Haider Hussain (left) and Iby Hussain of Romero Original takeaway, which sells pizzas, kebabs and burgers.  on King Street, Whalley
Haider Hussain (left) and Iby Hussain of Romero Original takeaway, which sells pizzas, kebabs and burgers. on King Street, Whalley

“There’s a lot of new people in the village, and the atmosphere is changing. It’s people coming in from other places. Whalley has got a family environment, but you get strangers coming in and they act differently and we have to deal with it ourselves.” .

“It’s not high level, we do see new faces and new people. It’s low level for us because here, people want to be seen, and then they’re on their way.”

Meanwhile, up at Hansel and Gretel Designer Children’s Wear at the top end of King Street, owner Denise Heap said anti social behavior was not a problem – but the roadworks at the other end of King Street were, adding: “With everything that’s going on it’s horrible. The road works came at the end of February and they aim to be finished by mid June. It’s not great at all – all the retail businesses, day time, are feeling it.”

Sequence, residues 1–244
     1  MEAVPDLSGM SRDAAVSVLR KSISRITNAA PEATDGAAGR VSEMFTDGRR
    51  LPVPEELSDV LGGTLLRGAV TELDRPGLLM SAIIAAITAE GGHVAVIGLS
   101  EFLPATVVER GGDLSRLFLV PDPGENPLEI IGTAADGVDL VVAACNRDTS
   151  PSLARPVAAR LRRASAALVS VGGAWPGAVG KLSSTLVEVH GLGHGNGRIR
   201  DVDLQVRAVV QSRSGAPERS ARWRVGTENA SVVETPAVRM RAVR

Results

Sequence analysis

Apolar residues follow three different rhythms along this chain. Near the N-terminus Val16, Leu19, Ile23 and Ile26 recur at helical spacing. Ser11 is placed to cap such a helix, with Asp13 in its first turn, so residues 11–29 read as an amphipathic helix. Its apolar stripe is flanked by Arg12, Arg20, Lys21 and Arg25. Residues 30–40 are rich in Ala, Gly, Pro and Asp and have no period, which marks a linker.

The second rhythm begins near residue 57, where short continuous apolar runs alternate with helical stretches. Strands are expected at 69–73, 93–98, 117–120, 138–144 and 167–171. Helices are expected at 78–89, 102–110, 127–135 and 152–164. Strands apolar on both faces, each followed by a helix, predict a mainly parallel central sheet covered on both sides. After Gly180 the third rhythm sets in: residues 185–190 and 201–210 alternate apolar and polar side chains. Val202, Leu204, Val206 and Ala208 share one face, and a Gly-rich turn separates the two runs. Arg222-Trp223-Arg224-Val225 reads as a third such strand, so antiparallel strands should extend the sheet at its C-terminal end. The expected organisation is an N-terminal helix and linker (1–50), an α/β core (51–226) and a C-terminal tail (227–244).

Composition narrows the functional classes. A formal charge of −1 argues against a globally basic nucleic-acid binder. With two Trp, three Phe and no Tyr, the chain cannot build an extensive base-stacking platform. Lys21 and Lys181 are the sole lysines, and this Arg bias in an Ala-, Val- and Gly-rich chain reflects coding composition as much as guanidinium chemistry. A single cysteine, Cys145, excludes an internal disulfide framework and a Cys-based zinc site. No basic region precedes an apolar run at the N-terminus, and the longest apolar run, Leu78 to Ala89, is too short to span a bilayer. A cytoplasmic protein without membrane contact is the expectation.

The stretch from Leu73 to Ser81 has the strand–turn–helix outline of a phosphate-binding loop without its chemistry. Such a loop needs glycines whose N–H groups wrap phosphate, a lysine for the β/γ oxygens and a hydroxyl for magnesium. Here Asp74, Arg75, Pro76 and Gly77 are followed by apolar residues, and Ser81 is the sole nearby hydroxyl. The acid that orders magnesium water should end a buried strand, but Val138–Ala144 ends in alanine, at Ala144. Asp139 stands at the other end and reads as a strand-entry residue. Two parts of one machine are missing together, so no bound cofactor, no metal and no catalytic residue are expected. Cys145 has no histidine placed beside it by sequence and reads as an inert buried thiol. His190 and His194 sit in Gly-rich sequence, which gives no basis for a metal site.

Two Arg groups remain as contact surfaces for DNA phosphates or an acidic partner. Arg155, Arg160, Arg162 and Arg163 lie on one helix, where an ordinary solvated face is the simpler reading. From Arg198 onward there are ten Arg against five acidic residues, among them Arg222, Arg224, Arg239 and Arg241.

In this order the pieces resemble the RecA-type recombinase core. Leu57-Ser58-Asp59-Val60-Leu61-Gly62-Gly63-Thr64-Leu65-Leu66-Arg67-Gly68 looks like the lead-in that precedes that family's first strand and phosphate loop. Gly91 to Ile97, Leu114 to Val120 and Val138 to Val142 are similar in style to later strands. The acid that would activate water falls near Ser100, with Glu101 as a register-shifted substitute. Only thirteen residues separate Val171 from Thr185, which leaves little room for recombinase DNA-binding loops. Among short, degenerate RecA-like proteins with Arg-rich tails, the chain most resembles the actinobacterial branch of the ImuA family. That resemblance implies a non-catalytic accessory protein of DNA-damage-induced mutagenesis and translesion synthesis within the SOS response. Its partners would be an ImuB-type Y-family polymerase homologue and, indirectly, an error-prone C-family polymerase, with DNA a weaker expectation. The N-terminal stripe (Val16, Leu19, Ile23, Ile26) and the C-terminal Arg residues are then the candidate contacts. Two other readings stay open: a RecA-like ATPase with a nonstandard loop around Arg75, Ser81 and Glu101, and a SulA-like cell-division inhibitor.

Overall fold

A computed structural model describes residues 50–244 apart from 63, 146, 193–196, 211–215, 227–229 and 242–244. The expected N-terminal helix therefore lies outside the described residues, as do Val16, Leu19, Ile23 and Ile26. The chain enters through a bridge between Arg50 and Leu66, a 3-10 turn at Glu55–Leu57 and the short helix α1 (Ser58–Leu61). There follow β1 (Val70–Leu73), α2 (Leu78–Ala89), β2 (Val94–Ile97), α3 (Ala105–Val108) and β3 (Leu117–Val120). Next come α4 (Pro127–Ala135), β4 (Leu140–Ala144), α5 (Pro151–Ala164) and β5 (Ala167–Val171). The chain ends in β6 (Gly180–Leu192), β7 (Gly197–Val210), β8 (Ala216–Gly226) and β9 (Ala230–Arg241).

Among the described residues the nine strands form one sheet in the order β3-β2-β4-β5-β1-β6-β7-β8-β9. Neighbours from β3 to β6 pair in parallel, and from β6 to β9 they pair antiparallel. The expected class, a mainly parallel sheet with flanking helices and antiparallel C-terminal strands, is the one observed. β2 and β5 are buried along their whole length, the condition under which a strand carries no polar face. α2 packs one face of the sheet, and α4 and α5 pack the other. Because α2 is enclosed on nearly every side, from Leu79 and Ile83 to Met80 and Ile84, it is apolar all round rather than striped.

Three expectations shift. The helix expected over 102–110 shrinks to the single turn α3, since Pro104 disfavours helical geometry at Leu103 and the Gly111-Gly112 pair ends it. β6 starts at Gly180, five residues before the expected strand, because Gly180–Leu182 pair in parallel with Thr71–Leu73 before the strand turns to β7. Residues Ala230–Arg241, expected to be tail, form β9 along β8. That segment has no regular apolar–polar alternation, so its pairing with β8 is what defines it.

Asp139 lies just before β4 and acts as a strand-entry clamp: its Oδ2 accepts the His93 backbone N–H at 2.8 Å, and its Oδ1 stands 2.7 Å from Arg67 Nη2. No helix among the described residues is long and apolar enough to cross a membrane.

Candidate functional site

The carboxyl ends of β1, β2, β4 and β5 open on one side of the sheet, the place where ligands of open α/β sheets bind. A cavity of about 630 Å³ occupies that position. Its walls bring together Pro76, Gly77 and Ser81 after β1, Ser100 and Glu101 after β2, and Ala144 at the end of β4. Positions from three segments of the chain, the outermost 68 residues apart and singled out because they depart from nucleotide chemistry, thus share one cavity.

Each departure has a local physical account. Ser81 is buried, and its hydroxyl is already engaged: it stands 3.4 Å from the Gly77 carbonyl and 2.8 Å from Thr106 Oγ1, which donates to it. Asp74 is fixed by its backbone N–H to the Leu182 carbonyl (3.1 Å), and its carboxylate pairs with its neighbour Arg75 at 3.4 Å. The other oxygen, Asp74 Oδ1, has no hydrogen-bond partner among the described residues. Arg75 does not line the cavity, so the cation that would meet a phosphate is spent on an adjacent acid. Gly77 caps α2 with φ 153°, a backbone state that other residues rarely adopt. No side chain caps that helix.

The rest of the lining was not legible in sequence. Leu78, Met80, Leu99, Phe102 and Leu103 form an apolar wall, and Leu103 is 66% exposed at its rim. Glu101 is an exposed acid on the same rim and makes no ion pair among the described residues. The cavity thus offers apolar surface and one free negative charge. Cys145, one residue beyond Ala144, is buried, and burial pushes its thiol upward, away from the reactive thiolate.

Denise Heap
Denise Heap

“It’s a lovely village, it really is, and we were all just getting back on our feet from Covid then this was thrown on us. They’re supposed to be widening the pavement and they are moving the crossing at the top end.

“None of us retailers have had any problems with anything like break ins or things like that and I’ve been here 21 years. It seems to be more where there’s an open space, like the abbey grounds.”

Katie Cookson, co-owner of Jack’s of Whalley, a small, family run business on King Street which sells craft beers, gin, whiskey and other spirits, told Lancs Live that the business shuts at 11pm and described the village as ‘a vibrant place ‘ and a ‘lovely community.’ She said: “Since the restrictions have gone down, it’s been better; it’s almost back to normal and people are more comfortable. We shut at 11, and we never wanted to be a late night place and with Whalley getting bigger, we could see there was a gap in the market.